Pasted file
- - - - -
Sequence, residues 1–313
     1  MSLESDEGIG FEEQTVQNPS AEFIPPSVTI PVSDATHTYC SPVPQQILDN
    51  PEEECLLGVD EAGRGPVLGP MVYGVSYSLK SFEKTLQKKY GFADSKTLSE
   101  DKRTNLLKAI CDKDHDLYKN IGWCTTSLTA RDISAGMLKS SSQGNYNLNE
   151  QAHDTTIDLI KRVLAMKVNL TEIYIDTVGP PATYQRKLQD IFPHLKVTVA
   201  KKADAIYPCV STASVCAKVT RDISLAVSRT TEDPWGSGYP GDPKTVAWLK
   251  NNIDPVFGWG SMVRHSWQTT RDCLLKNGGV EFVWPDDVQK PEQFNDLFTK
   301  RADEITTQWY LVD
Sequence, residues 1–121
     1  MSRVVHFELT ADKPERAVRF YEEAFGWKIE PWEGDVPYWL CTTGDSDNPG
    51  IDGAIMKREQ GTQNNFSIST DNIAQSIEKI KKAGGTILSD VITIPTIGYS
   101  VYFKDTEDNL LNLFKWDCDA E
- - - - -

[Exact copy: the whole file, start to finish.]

Sequence, residues 1–313
     1  MSLESDEGIG FEEQTVQNPS AEFIPPSVTI PVSDATHTYC SPVPQQILDN
    51  PEEECLLGVD EAGRGPVLGP MVYGVSYSLK SFEKTLQKKY GFADSKTLSE
   101  DKRTNLLKAI CDKDHDLYKN IGWCTTSLTA RDISAGMLKS SSQGNYNLNE
   151  QAHDTTIDLI KRVLAMKVNL TEIYIDTVGP PATYQRKLQD IFPHLKVTVA
   201  KKADAIYPCV STASVCAKVT RDISLAVSRT TEDPWGSGYP GDPKTVAWLK
   251  NNIDPVFGWG SMVRHSWQTT RDCLLKNGGV EFVWPDDVQK PEQFNDLFTK
   301  RADEITTQWY LVD
Sequence, residues 1–121
     1  MSRVVHFELT ADKPERAVRF YEEAFGWKIE PWEGDVPYWL CTTGDSDNPG
    51  IDGAIMKREQ GTQNNFSIST DNIAQSIEKI KKAGGTILSD VITIPTIGYS
   101  VYFKDTEDNL LNLFKWDCDA E